Great Spiritualists and Friends
One of the founders of the Society for Psychical Research (SPR), Frederic William Henry Myers is sometimes referred to as the “father of psychical research.” His book, Human Personality and Its Survival of Bodily Death, published in 1903, two years after his death, is considered a seminal work in the field. Harvard professor William James wrote that Myers “will always be remembered in psychology as the pioneer who staked out a vast tract of mental wilderness and planted the flag of genuine science upon it.” Sir Oliver Lodge, the esteemed physicist and radio pioneer, stated that Myers had been “laying the foundation for a cosmic philosophy, a scheme of existence as large and comprehensive and well founded as any that have appeared.”
Although not educated as a psychologist, Myers has been credited with developing a systematic conception of the subliminal self as well as a theory holding that telepathy is one of the basic laws of life. In fact, it was Myers who coined the word “telepathy,” previously called “thought transference.”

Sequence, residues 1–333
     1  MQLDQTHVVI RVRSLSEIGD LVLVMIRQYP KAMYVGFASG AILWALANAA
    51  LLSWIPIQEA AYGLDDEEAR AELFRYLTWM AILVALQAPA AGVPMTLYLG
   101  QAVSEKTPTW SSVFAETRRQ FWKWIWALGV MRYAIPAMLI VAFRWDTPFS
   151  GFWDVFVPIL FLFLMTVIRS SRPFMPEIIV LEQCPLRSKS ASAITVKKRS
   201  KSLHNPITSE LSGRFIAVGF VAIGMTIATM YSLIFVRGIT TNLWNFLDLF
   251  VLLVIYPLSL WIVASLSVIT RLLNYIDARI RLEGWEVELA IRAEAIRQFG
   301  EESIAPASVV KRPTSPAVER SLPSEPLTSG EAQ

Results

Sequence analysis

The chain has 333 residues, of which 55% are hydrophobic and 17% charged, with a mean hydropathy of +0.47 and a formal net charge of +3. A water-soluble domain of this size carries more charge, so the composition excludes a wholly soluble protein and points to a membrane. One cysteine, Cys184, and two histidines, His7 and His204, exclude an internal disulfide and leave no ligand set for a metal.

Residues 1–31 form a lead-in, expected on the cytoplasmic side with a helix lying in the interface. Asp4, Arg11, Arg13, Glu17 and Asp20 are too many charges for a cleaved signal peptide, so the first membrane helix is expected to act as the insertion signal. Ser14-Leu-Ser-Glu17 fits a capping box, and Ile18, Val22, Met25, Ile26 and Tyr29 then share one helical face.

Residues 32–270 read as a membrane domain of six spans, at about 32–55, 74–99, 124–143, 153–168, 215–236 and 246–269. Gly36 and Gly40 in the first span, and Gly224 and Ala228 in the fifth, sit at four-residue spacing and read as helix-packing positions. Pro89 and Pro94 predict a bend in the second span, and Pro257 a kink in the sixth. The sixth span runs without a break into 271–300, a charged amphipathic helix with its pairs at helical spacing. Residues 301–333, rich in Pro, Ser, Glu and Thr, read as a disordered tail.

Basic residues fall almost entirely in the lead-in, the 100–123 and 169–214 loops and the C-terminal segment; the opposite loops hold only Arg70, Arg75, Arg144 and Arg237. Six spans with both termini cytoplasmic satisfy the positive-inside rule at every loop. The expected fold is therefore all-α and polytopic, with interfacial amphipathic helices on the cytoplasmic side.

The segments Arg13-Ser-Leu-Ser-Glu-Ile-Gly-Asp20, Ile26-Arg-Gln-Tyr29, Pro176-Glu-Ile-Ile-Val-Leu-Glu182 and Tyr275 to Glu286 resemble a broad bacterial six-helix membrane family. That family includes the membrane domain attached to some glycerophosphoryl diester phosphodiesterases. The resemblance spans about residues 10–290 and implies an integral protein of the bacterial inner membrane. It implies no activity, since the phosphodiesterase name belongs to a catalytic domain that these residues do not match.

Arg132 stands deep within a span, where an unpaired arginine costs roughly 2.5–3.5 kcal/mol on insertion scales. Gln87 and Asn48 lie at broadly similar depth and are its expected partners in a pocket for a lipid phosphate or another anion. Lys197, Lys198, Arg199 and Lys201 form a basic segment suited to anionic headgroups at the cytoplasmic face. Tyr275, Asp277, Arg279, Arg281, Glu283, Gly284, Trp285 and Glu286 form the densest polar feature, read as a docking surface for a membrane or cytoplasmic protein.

According to Dr. Sherwood Eddy, a distinguished American writer of the first half of the last century, Myers began to explore the subconscious, or subliminal self, simultaneous with and independently of Freud. While Freud accepted atomic materialism, seeing philosophy as a mere rationalization and religion as outright fraud, Myers concluded that the Power behind the universe is superorganic, in a higher category to which human personality belongs. He saw psychical research as a meeting place of religion, philosophy and science. Since materialism had, in the wake of Darwinism, become the intelligent approach, Myers’ view did not gain widespread acceptance.
Myers was born in Keswick, Cumberland, England on February 6, 1843, the son of a clergyman. He graduated Trinity College, Cambridge in 1864, then became a classical lecturer at Cambridge and a fellow of Trinity. By 1869, he had, like most of his Cambridge intellectuals, lost his faith and, concomitantly, his belief in the survival of consciousness at death. Myers wrote that his agnosticism or virtual materialism affected him like “a dull pain borne with joyless doggedness, sometimes… a shock of nightmare-panic amid the glaring dreariness of the day.” He felt that the hope of the world was vanishing, not his alone.
Myers’ interest in psychical research was sparked during the 1870s by the mediumship of Reverend Stainton Moses, then fueled by the mediumship of Leonora Piper. In 1882, he collaborated with Professor William Barrett, Professor Henry Sidgwick, and Edmund Gurney, in founding the SPR in London. In 1886 he collaborated with Gurney and Frank Podmore in his first outstanding work, Phantasms of the Living.